Founded in the 15th century by Henry IV, Hampton Court Palace went through the hands of The Order of Saint John of Jerusalem and Thomas Wolsey, Minister and favorite of Henry VIII, before it was finally given to the King by Wolsey as a gift. The Privy Garden (photographed above) was always the private garden of the King and his close circle right up until the early 20th century.
What we see today is the early 18th century garden layout, restored meticulously using written accounts by the gardeners who planted it for William III. Under normal circumstances detailed accounts like these would not exist but as the King died before they were completed in 1702, the gardeners and workmen submitted extra-minute accounts for fear they would not get paid (and apparently they still did not get compensated in full!!!).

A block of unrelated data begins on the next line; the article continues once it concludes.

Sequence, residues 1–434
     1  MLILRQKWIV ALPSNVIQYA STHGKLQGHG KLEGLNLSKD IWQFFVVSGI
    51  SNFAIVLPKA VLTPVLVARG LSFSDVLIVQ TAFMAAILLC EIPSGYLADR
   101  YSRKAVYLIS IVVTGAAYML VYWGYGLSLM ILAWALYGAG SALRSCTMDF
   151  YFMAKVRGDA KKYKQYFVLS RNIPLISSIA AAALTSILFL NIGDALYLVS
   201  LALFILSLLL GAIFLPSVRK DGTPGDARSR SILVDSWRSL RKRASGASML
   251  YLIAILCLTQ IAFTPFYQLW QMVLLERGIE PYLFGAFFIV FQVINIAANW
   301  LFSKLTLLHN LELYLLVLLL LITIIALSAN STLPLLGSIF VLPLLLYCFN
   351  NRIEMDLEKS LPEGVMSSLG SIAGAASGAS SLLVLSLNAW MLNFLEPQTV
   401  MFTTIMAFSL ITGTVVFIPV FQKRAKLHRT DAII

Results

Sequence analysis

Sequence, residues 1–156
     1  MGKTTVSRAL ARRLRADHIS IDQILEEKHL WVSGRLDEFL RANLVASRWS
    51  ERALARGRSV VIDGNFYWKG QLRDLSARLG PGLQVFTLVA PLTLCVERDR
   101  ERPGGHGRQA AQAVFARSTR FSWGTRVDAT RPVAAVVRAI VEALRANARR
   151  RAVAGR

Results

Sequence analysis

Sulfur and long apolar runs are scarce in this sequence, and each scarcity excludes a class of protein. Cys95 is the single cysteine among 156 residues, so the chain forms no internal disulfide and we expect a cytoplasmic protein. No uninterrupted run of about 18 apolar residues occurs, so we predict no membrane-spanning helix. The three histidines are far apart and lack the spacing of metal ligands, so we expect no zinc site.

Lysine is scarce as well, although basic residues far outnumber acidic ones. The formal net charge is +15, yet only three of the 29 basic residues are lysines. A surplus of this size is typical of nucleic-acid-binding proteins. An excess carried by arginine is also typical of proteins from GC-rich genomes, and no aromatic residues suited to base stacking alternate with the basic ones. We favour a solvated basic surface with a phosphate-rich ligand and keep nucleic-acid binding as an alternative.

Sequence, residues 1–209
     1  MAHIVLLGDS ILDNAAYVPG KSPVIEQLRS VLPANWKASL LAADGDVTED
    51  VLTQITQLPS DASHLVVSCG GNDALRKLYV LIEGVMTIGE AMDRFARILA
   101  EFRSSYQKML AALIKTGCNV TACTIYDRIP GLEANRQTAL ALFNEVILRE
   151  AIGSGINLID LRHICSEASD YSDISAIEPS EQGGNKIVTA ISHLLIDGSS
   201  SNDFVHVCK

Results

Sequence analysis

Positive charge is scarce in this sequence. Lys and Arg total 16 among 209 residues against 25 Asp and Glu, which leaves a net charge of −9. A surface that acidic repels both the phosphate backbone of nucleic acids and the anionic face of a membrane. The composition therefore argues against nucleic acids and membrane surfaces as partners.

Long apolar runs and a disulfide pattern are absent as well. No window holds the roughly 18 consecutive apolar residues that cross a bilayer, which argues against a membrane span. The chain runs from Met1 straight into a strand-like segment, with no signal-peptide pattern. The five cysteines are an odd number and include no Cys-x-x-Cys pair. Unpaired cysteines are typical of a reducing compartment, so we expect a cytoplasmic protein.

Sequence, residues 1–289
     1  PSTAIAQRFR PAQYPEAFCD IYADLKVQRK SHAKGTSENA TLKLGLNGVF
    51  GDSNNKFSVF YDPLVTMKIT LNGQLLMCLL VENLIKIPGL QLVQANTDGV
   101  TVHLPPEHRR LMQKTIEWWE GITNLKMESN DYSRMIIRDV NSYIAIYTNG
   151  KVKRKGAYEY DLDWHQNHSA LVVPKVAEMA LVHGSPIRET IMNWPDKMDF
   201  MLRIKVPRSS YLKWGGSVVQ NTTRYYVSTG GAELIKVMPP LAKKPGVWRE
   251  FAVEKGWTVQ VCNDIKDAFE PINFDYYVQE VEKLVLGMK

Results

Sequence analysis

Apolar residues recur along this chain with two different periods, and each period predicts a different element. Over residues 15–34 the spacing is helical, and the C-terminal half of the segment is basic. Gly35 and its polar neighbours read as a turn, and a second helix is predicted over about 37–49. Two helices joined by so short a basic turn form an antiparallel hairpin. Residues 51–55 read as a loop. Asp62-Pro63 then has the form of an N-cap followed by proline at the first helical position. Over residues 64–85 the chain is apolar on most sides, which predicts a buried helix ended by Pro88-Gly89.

The beauty of this garden is in its geometry, a type of garden that fell out of taste in England soon after it was completed. Thereafter, the hickely pickely disarrayed but enchanting garden that we now identify as English gained favor.
image credit © Historic Royal Palaces | Photography: Steve Bicknell